Non-resident purchases of houses: the data

Last week, LINZ released the first batch of data from the new attempt to measure non-resident purchases of property in New Zealand.

As they note, at this stage the data have considerable limitations (including around the exclusion of purchases by trusts and companies).  In addition, it is unlikely that the few months these data cover will prove to have been representative.  On the one hand, there may have been some permanent behavioural changes as a result of the introduction of the “brightline test” and the tax number requirement introduced on 1 October.  For those concerned about non-resident purchases of houses in New Zealand, if those legislative changes reduce the extent of purchases that would no doubt be welcomed, but it will also mean we will never know with any certainty what the extent of non-resident purchases was in the couple of years before the law was changed.

So our law changes may have permanently reduced offshore purchases.  But they will almost certainly have temporarily disrupted the flow of such purchases.  Some people will have rushed to get in ahead of the law changes, and others will simply have been unsettled by them, or a little confused by them.  Many regulatory changes have that sort of effect –  a (potentially material) short-term disruption, which gradually abates.  In the housing market, we’ve seen it with the succession of new LVR restrictions.

All of which means that whatever the non-resident share of house purchases over the first three months of the year, it is likely to be a low-end estimate of the number of non-resident purchases (at least until China more effectively cracks down on capital outflows, and/or runs a regime that makes people more comfortable with holding their wealth in China. As I’ve pointed out before, in normal successful countries citizens don’t rush to buy houses in other countries as some sort of safe-haven store of value.

The focus of the discussion of this issue has been on the Auckland market.  The LINZ data tell us that in the January to March period, 4 per cent of transfers involved non-resident purchasers.  In most other localities, that share appears to have been smaller, but in the Queenstown-Lakes TLA, the share was a little higher still (for the entire October to March period).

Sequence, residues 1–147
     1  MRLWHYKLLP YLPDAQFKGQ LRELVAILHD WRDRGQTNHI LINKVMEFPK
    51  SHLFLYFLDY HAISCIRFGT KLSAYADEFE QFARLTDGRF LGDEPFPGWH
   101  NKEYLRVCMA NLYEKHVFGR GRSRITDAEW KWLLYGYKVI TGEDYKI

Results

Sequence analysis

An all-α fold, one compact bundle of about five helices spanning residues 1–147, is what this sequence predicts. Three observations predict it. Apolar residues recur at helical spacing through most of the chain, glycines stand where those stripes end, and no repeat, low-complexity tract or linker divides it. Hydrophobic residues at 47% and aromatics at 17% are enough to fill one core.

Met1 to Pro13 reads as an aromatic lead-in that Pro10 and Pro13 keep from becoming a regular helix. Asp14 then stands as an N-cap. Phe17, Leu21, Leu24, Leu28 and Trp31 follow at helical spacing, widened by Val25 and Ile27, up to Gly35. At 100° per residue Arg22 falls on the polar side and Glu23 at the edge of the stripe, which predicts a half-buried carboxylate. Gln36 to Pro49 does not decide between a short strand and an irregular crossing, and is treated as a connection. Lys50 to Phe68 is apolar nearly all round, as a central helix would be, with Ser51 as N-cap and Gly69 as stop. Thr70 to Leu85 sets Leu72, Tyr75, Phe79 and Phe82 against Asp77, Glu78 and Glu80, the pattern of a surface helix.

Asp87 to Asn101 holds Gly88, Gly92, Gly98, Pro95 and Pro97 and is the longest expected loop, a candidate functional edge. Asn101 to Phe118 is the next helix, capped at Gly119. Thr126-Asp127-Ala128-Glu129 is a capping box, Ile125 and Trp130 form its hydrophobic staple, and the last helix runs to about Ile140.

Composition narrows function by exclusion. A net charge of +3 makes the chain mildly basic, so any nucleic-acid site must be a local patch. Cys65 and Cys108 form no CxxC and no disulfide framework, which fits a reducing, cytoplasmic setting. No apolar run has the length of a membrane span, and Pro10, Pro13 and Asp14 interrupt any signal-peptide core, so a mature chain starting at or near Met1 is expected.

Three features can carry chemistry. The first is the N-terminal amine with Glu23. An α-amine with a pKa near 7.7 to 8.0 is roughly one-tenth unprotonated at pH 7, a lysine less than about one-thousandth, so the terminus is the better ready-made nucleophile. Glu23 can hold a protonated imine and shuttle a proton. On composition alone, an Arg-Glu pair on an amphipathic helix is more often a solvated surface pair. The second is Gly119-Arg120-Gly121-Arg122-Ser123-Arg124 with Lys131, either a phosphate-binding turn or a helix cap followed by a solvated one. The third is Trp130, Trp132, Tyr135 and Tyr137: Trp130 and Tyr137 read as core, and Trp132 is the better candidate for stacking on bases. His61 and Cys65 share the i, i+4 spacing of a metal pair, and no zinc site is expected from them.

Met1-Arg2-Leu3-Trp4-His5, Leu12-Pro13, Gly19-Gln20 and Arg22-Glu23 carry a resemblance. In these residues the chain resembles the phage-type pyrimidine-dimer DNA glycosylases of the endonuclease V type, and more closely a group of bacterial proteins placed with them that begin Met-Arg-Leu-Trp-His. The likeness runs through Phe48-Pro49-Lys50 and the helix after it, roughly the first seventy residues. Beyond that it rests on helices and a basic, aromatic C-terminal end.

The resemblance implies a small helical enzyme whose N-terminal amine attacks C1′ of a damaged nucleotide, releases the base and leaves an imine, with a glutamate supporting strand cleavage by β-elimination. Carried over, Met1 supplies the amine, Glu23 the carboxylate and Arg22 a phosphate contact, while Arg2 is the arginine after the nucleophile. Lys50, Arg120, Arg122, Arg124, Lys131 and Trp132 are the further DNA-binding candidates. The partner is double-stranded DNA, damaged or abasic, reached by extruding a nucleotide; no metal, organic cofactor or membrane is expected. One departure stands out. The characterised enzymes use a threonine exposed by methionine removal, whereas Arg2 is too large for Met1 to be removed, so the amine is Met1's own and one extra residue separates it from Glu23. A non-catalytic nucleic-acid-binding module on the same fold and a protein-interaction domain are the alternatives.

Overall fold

What has surprised me somewhat is that 4 per cent has been treated by most people as a small number.  In writing about this almost a year ago, I noted that –  with no data whatever to back the supposition –  it wouldn’t surprise me if 5 per cent of Auckland housing demand was from non-residents, and that in a market with fairly tightly constrained new supply, even quite small percentages could make a material difference to house prices.

And much of the discussion of this issue seems to ignore the fact that most turnover in the housing market is not as a result of people entering the market for the first time or leaving it for the last time.    Most turnover involves New Zealanders buying and selling from one another –   people changing city or suburb, or just changing their stage of life (wanting a bigger house as the kids grow, or a smaller house later in life).  The same goes for residential rental properties: the stock turns over as individual owners’ circumstances and interests change.  A well-functioning housing market will have a lot of turnover (facilitating those changes in life circumstances etc) and little persistent pressure one way or the other on real prices.    In these data, New Zealanders bought sold from each other around 40000 houses in a six-month period.

Pressure on prices arises from net new demand to the market (or –  the Christchurch story post-earthquake – net reductions in supply) not from routine turnover.  It is a bit like immigration influences on the housing market.  In a year in which there are big swings in net migration, those fluctuations might amount to only around 1 per cent of the population.  Even if migrants typically eventually purchase their own home, probably most don’t purchase in their first year or two here (especially as many initially come on temporary –  work or student – visas), so newly-arrived immigrants themselves might still only account for a quite small percentage of house sales in any year.  But previous formal empirical studies have  suggested that a 1 per cent shock to the population from a change in immigration can still produce up to a 10 per cent change in house prices.  Markets operate at the margin –  it is changes in the net new demand/supply that really should be the focus of attention.